The US Navy has reportedly struck a multi-year agreement to purchase nine Block V Virginia-class attack submarines, two fewer than the 11 originally planned.

According to a Bloomberg report, General Dynamics and the US Navy have agreed a deal for the construction and delivery of the next lot of Virginia-class attack submarines.

It is understood that the parties have not yet finalised the terms of the agreement.

Bloomberg cited US Navy spokesperson captain Danny Hernandez, who said that the final contract is expected to be announced by the end of the year.

Hernandez noted that the agreement will provide significant savings to the exchequer and deliver enhanced capabilities to the navy.

The contract is also likely to include an option for a tenth submarine.

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A shortfall in funding is said to be one of the key reasons for the shift away from the navy’s original plan to acquire 11 submarines.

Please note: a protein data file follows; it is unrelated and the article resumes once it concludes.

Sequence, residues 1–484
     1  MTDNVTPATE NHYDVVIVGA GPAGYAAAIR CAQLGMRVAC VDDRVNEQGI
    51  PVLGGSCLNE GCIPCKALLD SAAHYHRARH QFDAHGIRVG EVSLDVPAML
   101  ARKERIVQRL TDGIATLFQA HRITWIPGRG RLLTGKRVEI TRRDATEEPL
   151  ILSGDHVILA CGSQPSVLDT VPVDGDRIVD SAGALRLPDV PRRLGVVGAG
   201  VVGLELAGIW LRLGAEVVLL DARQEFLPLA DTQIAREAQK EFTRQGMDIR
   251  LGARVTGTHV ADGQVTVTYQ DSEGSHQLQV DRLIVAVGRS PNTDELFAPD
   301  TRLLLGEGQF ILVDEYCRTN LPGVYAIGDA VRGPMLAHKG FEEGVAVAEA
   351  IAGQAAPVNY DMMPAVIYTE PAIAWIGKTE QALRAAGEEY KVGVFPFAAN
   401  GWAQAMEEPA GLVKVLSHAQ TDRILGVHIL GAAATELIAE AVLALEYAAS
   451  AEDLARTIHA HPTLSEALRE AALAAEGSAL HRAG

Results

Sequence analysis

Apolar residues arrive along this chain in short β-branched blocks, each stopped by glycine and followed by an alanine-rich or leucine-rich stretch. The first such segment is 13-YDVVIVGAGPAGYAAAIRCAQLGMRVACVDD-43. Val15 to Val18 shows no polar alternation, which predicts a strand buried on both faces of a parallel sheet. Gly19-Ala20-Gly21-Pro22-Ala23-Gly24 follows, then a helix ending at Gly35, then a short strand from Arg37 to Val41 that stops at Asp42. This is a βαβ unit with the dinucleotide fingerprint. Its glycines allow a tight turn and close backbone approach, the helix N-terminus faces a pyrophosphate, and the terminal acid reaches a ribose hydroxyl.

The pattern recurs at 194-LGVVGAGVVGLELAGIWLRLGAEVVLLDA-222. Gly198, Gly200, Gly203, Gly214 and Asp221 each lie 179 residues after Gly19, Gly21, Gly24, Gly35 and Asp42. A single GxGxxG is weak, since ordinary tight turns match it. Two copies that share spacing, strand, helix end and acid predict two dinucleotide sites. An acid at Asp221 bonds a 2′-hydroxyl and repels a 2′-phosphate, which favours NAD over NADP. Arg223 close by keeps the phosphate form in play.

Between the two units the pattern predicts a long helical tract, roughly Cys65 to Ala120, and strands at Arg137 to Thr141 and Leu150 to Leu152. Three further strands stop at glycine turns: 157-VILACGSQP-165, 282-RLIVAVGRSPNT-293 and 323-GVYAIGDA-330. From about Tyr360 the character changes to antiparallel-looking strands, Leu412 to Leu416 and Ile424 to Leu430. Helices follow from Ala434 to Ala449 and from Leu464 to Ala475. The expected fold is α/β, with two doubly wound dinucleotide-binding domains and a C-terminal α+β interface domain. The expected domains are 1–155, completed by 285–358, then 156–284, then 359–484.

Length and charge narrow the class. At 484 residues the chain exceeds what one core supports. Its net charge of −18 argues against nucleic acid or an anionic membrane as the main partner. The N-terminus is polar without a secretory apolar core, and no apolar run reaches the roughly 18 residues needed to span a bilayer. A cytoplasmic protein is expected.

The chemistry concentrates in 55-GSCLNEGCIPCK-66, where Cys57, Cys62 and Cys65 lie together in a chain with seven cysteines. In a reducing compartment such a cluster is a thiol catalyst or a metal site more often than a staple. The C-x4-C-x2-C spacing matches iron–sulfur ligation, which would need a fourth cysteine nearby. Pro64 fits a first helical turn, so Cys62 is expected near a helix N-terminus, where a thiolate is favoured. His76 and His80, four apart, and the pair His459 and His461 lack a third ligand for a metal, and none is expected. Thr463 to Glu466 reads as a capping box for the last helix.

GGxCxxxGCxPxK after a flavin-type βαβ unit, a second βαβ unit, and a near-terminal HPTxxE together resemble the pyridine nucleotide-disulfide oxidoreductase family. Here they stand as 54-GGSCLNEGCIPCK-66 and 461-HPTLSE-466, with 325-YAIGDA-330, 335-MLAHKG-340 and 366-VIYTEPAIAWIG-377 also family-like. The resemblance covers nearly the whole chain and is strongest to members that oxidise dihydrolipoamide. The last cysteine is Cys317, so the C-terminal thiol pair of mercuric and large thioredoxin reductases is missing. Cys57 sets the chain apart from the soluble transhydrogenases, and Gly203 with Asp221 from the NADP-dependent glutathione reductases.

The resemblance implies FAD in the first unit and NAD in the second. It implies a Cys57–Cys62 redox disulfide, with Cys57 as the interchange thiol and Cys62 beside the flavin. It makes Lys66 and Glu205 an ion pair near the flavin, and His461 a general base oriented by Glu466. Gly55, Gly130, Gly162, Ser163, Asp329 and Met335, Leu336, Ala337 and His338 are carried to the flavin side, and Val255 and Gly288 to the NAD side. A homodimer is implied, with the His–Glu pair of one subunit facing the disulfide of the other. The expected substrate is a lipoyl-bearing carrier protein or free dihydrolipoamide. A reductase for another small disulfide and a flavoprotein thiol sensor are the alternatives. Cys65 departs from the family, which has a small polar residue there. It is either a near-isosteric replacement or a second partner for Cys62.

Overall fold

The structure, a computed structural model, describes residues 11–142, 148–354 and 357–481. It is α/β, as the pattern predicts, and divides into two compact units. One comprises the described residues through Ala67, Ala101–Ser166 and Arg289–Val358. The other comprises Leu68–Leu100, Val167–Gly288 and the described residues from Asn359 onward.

House Seapower and Projection Forces Subcommittee Chairman Joe Courtney said: “Today’s news that the Block V contract is reaching the final backstretch with a framework that will be built around a minimum of nine subs and an option for a tenth to maintain the programme of record shows real progress in terms of getting a stable workload for this critical programme.

“The final design of the contract is still weeks away, and we are going to continue to advocate for a programme that addresses the navy’s attack submarine shortfall, as well as integrates this programme into the Columbia-class that is beginning in earnest.”

The Virginia-class submarine programme has seen repeated delays caused by a range of issues.

Last month, Huntington Ingalls Industries’ (HII) Newport News Shipbuilding division delivered the newest Virginia-class submarine, the Delaware. The delivery was nine months behind schedule.

The Block V submarines will feature the Virginia Payload Module (VPM), which will add four additional payload tubes. In addition to increased size, the Block V boats will possess increased lethality.